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Getting a job in advertising

Getting a job in advertising

Partisan Advertising recently ran another advert on SEEK looking for a freelance graphic designer.

I like to be creative when writing recruitment ads as it makes the process a bit more fun for me. And I like to think it will be fun for those who read it and hopefully it will attract a better kind of applicant. In our ads, I like to include what some people refer to as “crazy pitches”. I start by telling applicants that I do not want to see their resumes. That’s only half the crazy bit. What I ask these punters to do instead is to send me (together with their portfolio) something that shows their uniqueness. This can take the form of a letter, a song, a dirty limerick, a dirty video (so far I’ve only gotten one), a poem, a photo; basically anything that shows the real you. That’s all I ask for.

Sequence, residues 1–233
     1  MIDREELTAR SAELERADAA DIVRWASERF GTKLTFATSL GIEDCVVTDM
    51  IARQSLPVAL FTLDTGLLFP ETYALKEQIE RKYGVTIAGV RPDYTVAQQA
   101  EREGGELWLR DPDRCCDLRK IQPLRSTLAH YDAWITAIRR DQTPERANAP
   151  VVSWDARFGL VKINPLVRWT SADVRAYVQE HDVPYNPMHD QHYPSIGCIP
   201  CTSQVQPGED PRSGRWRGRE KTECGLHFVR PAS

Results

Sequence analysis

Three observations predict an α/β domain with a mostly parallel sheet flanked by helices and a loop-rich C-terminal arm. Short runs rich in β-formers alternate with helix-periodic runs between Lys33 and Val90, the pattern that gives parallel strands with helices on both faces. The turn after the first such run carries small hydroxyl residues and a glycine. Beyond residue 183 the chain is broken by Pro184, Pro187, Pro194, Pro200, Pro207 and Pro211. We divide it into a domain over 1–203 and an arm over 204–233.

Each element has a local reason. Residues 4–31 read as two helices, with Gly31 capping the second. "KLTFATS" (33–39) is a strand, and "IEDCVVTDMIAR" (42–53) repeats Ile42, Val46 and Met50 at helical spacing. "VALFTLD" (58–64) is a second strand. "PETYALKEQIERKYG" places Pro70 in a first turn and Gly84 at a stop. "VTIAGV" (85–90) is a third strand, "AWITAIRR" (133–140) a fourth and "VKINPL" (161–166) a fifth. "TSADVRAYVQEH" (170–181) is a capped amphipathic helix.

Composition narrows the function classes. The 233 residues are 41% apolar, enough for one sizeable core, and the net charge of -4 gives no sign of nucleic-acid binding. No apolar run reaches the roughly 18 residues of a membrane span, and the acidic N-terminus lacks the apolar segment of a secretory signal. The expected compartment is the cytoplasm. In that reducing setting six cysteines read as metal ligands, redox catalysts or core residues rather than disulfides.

I do this because I abhor resumes.
There’s nothing worse than putting your future employment possibilities in the hands of an indistinguishable Word document set in 10 point Arial with double line spacing detailing when and where and what has led you to this point in your life. Especially if you’re responding to an ad for a spot in the advertising industry, and even more so if you’re responding to an ad written by a crazy person asking applicants to send in dirty videos instead of resumes.
Why? Because you never do the same job twice in advertising.
Sure you might be unfortunate enough to do 12 TV commercials a year but the only thing that’s similar between them is the media in which they are shown. Same goes for social media campaigns, logo design, web design, brochures, billboards, packaging and on and on and on. The requirements are different for each because the message, and the execution of that message, is different every single time, without fail.